After last week’s horrific suicide bombing in Bulgaria, Prime Minister Netanyahu wasted no time in appearing before the camera to point the finger of blame at Iran and state his determination to respond forcefully. “All signs point towards Iran…This is a global Iranian terror onslaught and Israel will react firmly to it.” While we await confirmation that Iran was behind the atrocity, his determination to do something about the wanton targeting of Israeli tourists is to be applauded. Contrast this with his reaction to Moshe Silman’s self-immolation: “We are speaking of a great personal tragedy. I wish Moshe a full recovery. I have asked the Welfare Minister and the Housing Minister to look into the matter.”
Without trying to draw parallels between Silman’s circumstances and those of the victims of the terror attack, a case can be made that – given the near impossible task of guaranteeing the safety of large groups of Israelis in countries that have poor security infrastructures – the Israeli government was in a far better position to do something about the circumstances that led Silman to kill himself than it could have prevented the bombing in Bulgaria.
The erosion of the welfare state, the rise of the cost of living and the stagnation in salaries – this has been going on for quite some time, and no hype about our glorious hi-tech sector can hide the fact. Today, Israel has the second widest gap between rich and poor in the developed world. Bibi might like to pretend that only the Haredim and the Arabs are to blame, but this is not the case. It is the result of government policies and inaction, and has resulted in the largest social protests in the country’s history.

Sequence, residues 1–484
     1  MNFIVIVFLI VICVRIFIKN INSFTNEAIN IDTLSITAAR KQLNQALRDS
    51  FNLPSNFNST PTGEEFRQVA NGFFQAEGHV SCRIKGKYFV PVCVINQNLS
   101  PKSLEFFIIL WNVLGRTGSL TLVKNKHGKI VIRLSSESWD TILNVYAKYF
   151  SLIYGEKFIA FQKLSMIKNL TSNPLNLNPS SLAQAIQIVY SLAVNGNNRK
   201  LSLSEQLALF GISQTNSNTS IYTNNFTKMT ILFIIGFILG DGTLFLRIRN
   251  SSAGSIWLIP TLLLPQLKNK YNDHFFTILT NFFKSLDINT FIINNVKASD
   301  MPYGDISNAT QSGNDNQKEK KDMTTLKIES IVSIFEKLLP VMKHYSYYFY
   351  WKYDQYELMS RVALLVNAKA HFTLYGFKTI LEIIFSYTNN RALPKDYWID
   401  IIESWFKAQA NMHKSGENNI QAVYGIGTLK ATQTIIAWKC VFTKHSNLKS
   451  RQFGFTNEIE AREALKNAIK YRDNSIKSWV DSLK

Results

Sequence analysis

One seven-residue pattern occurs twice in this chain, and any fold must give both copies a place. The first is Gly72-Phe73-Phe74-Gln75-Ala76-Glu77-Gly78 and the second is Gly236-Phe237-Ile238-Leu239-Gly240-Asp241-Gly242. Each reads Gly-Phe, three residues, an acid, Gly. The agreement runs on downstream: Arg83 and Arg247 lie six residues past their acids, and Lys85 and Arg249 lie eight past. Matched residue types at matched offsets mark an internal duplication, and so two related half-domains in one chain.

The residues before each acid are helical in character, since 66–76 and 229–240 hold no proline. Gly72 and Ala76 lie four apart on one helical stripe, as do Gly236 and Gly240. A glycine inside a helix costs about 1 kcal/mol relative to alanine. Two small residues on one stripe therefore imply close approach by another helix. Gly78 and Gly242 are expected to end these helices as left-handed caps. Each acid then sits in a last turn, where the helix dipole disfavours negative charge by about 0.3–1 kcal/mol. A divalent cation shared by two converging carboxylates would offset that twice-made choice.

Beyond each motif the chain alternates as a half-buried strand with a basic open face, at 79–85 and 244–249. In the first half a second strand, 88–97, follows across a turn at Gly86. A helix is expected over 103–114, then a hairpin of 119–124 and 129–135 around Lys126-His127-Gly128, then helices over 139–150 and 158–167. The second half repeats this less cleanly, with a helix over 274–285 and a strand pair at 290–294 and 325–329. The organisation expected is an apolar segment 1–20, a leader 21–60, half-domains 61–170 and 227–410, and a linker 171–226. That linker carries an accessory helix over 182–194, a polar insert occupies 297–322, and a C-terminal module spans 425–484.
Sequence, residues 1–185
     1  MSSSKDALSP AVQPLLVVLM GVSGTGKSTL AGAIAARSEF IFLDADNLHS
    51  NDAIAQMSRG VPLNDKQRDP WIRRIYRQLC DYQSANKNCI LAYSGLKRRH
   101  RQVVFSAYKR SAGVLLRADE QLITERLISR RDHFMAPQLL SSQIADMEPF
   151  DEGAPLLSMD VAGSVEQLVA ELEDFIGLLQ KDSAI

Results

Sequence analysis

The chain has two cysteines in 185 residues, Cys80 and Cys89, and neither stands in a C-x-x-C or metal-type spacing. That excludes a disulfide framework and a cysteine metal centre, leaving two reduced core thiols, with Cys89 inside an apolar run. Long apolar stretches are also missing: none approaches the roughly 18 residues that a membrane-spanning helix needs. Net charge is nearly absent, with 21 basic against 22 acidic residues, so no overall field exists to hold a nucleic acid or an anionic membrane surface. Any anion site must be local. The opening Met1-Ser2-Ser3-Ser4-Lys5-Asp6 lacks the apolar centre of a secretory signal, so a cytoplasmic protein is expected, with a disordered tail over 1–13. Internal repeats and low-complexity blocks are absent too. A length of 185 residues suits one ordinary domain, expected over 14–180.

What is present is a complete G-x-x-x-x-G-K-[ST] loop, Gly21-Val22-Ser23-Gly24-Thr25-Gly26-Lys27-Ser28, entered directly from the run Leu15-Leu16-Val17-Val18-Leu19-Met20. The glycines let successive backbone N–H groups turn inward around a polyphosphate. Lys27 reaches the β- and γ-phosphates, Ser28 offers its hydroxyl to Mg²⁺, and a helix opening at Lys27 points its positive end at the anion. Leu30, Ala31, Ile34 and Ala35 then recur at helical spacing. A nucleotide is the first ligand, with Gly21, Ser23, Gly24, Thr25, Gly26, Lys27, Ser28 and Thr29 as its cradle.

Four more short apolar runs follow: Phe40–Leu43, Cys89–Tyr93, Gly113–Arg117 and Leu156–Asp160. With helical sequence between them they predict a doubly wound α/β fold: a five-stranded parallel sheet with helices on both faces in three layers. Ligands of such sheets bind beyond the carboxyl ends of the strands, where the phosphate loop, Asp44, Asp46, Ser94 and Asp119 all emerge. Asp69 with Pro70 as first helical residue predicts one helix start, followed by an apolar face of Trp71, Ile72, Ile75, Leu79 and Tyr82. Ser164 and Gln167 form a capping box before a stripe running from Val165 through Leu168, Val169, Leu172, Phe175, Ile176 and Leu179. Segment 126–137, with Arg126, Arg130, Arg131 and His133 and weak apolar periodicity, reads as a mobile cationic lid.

There should be broad debate about the steps Israel should take to extricate itself from this situation. But one word that seems to be ignored by the social justice movement is Zionism. This may be because 2012’s social justice activists tend to be more post- or anti-Zionist. But it’s also because Zionism today is understood in purely political/security terms, as if it’s an ideology solely concerned with keeping Jews in the country and the Arabs at bay, instead of building a society that we can all be proud of.
And yet many of the early Zionist ideologues were just as concerned with socioeconomic issues as they were with security questions. Thinkers like A.D Gordon, Berl Katznelson, and Ber Borochov. Their ideas may not be the panacea for Israel’s ills, but what we can take from them is the idea that national liberation is meaningless if it isn’t accompanied by social justice.
Many people who call themselves Zionists today are only moved by Jews who are blown up by suicide bombers, and not by Jews who set fire to themselves because of economic despair. While Menachem Begin once led a more decent, socially conscious Likud (with obvious reservations), today the part is dominated by Bibi and the true believers of the free market. Even the poorest Israelis willbe lifted up by the rising tide of capital; any lingering inequalities are supposed to be taken care of by the amutot (around 50,000 and rising).
This won’t do for much longer. Neoliberal policies have not provided for the needs of Israel’s citizens, as many people from many different groups are beginning to understand. It is time that Bibi & Co realized that the lives of Israel’s poor and marginalized are worth fighting for every bit as much as holidaying citizens, and that the war against poverty and social inequality should be fought with the same resolve as the war against those who seek to destroy us. Because, to borrow a notion from Yeshayahu Leibowitz, Zionism without at least a modicum of brotherhood and social justice is not Zionism – it’s just the Magen David and a victory on the battlefield.2 comments